5. Karma | Yogācāra

Xuanzang statue
Xuanzang statue

1. Karma

An explanation of the Buddhist doctrine of Karma (action) is central to Yogācāra, and the school sought to explain important questions

- such as how moral actions can have effects on individuals long after that action was done, that is, how karmic causality works across temporal distances.

Previous Abhidharma Buddhist schools like the Sautrāntika had developed theories of karma based on the notion of seeds (bījā) in the mind stream,

- which are unseen karmic habits (good and bad) which remain until they meet with the necessary conditions to manifest.

Yogācāra adopted and expanded this theory. Yogācāra then posited the storehouse consciousness (Sanskrit: ālaya-vijñāna), also known as the basal, or 8th consciousness, as the container of the seeds:

It simultaneously acts as a storage place for karmic latencies and as a fertile matrix of predispositions that bring karma to a state of fruition.

In the Yogācāra system, all experience without exception is said to result from karma or mental intention (cetanā), either arising from one's own subliminal seeds or from other minds.

For Yogācāra, the seemingly external or dualistic world is merely a by-product (adhipati-phala) of karma.

The term vāsanā (perfuming) is also used when explaining karma

and Yogācārins were divided on the issue of whether vāsanā and bīja were essentially the same, whether the seeds were the effect of the perfuming, or whether the perfuming simply affected the seeds.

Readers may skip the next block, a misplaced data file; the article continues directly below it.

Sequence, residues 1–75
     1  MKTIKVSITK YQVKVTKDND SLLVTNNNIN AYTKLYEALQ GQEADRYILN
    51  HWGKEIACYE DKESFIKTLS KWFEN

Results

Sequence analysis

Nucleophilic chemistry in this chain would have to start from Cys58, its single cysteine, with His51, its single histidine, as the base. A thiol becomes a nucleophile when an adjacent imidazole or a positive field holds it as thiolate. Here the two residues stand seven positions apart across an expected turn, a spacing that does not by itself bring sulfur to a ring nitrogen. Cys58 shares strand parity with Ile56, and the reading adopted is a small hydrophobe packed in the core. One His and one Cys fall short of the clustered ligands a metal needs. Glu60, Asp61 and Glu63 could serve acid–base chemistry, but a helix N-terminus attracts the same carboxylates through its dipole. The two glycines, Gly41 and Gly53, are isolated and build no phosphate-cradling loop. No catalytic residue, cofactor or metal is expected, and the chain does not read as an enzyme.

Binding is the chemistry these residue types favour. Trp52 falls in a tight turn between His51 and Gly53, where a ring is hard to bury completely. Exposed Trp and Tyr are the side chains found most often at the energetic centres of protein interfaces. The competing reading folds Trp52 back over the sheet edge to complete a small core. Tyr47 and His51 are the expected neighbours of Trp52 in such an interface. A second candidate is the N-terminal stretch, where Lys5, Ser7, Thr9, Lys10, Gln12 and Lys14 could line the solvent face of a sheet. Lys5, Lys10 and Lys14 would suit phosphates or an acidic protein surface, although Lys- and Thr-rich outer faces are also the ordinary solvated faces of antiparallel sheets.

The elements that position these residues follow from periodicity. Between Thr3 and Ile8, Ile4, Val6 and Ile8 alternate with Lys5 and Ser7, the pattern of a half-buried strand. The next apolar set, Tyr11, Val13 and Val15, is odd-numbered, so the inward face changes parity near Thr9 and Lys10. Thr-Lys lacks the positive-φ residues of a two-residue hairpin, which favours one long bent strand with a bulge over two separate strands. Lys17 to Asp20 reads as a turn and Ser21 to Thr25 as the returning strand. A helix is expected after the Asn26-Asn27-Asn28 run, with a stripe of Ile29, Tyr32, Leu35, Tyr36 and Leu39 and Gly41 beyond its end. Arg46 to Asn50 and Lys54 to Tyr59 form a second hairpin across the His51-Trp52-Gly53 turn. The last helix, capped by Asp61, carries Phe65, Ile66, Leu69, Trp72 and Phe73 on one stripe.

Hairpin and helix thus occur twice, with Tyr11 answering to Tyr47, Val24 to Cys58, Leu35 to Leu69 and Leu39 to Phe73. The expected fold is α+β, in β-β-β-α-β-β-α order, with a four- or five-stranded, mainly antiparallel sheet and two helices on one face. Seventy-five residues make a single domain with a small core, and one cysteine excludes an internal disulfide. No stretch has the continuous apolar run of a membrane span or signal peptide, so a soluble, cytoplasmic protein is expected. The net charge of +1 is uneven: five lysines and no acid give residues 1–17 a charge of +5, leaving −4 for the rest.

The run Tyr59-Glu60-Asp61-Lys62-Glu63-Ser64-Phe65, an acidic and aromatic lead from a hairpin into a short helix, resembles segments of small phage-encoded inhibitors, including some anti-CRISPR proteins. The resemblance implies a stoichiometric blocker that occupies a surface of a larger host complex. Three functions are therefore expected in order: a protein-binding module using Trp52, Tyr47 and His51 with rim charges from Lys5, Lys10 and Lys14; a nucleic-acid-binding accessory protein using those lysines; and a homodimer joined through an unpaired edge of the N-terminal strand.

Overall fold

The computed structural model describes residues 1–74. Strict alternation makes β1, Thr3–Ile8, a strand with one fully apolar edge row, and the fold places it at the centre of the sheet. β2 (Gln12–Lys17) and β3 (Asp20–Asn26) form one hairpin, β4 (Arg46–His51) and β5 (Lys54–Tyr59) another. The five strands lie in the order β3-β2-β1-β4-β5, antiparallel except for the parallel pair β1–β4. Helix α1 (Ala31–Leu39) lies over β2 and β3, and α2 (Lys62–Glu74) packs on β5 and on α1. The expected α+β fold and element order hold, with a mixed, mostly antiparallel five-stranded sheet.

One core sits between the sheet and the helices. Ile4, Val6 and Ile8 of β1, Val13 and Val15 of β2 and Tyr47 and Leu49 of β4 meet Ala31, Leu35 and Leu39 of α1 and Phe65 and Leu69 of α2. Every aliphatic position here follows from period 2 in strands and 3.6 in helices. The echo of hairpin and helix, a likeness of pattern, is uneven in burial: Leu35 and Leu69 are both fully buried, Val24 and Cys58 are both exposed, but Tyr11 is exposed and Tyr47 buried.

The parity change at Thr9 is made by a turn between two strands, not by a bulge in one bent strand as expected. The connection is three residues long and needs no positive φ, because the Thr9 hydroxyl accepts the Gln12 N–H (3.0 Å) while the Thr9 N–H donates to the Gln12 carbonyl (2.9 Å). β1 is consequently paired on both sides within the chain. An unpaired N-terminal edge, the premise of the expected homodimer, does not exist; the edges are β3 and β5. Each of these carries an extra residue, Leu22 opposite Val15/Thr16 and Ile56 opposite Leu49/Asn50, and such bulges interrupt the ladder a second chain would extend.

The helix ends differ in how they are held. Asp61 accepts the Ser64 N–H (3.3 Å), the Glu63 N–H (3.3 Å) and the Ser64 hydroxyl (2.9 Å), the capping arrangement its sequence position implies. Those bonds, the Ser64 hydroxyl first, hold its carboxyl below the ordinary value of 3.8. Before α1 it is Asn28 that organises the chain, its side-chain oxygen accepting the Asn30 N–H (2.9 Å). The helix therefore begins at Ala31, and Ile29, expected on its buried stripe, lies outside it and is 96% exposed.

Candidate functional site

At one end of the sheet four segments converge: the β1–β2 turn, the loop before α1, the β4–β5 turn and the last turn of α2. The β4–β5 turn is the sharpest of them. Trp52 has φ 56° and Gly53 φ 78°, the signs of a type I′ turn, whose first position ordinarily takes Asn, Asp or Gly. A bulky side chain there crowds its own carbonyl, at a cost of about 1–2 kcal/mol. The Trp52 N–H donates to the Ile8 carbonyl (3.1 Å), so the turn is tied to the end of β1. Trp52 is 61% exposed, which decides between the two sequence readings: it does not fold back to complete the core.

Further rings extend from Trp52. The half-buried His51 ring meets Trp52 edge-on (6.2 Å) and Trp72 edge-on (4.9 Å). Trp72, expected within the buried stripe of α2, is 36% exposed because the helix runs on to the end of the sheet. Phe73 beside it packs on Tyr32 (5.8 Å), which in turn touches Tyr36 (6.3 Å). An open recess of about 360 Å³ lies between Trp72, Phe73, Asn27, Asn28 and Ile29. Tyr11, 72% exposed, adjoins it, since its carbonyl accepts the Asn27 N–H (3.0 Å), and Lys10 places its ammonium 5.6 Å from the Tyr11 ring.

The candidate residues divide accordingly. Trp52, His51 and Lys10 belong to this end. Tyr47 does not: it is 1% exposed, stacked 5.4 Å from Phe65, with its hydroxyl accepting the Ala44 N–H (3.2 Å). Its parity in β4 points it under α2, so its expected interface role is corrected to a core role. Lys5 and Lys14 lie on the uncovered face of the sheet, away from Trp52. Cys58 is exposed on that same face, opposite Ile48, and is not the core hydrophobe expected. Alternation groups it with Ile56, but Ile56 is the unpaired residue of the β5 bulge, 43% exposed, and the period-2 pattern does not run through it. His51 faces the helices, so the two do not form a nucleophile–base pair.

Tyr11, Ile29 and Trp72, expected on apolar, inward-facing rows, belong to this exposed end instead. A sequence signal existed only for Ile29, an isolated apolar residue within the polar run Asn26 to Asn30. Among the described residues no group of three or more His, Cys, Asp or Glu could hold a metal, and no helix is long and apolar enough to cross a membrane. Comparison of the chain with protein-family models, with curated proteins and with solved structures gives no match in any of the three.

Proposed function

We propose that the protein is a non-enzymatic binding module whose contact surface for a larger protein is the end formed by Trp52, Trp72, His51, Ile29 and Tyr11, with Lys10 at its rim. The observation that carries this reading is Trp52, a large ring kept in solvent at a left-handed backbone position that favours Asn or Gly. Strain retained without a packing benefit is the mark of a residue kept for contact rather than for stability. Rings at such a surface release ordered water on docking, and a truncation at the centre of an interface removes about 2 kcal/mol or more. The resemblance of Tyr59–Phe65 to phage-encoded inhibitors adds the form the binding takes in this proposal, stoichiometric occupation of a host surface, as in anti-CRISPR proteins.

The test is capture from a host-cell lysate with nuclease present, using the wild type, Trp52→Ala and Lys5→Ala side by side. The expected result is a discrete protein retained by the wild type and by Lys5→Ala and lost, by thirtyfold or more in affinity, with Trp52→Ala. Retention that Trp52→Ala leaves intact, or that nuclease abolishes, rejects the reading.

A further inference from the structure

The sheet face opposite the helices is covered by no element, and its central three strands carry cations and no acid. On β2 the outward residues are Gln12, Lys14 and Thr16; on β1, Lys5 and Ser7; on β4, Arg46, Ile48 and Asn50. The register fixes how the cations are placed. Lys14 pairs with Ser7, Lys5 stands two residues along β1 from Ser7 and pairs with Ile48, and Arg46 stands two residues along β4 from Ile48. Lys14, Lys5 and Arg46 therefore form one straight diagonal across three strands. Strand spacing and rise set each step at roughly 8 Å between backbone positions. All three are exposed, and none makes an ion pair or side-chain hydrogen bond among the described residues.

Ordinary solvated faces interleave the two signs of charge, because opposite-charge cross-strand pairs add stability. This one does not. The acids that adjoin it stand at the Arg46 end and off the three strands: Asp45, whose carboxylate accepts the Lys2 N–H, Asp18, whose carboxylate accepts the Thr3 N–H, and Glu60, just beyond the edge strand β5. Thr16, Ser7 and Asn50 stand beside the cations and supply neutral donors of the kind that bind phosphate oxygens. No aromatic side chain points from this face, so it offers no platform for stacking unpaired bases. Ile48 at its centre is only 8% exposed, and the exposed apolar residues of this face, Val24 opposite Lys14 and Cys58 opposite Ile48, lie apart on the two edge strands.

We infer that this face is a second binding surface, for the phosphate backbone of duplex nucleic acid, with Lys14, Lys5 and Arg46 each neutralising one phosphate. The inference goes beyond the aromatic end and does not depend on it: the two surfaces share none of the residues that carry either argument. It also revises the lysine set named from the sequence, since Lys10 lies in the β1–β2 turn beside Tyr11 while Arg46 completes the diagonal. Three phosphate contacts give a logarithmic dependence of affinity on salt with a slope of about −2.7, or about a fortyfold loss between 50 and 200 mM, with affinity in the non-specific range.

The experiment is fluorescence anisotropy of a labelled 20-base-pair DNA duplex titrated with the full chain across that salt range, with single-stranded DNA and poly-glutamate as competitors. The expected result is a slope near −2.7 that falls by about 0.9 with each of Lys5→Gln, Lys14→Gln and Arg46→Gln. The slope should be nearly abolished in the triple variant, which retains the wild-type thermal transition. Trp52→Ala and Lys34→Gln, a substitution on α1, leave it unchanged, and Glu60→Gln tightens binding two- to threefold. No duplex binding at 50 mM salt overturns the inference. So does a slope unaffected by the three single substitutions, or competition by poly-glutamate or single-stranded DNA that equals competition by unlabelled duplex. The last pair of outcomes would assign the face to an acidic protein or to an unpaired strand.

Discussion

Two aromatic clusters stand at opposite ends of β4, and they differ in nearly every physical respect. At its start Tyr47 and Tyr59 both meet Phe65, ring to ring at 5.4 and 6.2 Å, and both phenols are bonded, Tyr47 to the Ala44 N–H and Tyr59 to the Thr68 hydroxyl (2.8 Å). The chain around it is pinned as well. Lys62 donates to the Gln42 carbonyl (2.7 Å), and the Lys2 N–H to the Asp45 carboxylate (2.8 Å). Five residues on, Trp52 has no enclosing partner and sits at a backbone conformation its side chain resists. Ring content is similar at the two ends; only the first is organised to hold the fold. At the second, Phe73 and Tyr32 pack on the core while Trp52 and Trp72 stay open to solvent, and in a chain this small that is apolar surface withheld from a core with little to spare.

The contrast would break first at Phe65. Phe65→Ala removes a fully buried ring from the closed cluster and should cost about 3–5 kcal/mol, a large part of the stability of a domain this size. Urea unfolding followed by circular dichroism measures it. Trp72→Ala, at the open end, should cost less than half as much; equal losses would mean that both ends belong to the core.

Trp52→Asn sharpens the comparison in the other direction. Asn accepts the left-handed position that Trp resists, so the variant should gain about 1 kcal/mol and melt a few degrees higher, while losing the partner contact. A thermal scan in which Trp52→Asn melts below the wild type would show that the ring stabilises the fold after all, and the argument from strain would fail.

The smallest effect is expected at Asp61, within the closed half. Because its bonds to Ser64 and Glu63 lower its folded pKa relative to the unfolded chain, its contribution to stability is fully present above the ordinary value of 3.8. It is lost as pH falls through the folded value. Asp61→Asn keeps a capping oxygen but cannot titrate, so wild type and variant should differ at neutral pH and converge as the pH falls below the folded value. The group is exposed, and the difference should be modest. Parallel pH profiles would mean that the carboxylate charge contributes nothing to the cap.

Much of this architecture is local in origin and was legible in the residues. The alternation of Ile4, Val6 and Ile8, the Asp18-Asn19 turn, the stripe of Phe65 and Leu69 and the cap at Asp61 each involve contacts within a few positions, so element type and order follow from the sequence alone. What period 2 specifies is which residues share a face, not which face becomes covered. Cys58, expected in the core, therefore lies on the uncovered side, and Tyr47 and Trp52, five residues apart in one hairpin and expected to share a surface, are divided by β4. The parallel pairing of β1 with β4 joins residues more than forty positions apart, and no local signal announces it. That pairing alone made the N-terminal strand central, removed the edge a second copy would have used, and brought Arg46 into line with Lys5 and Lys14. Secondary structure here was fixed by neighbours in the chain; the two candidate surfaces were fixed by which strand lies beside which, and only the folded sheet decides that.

The type, quantity, quality and strength of the seeds determine where and how a sentient being will be reborn: one's race, sex, social status, proclivities, bodily appearance and so forth.

The conditioning of the mind resulting from karma is called saṁskāra.

Vasubandhu's Treatise on Action (Karma-siddhi-prakaraṇa), treats the subject of karma in detail from the Yogācāra perspective.

2. Meditation and awakening

As the name of the school suggests, meditation practice is central to the Yogācāra tradition.

Practice manuals prescribe the practice of mindfulness of body, feelings, thoughts and dharmas in oneself and others, out of which a revolutionary and radically transformative understanding of the non-duality of self and other is said to arise.

This process is referred to as āśraya-parāvṛtti, overturning the Cognitive Basis, or revolution of the basis, which refers to overturning the conceptual projections and imaginings which act as the base of our cognitive actions.

This event is seen as the transformation of the basic mode of cognition into jñāna (knowledge, direct knowing), which is seen as a non-dual knowledge that is non-conceptual (nirvikalpa), i.e., devoid of interpretive overlay.

When this occurs, the 8 consciousnesses come to an end and are replaced by direct knowing.

Overturning the Basis turns the 5 sense consciousnesses into immediate cognitions that accomplish what needs to be done (kṛtyānuṣṭhāna-jñāna).

The 6th consciousness becomes immediate cognitive mastery (pratyavekṣaṇa-jñāna), in which the general and particular characteristics of things are discerned just as they are. This discernment is considered non-conceptual (nirvikalpa-jñāna).

Manas becomes the immediate cognition of equality (samatā-jñāna), equalizing self and other.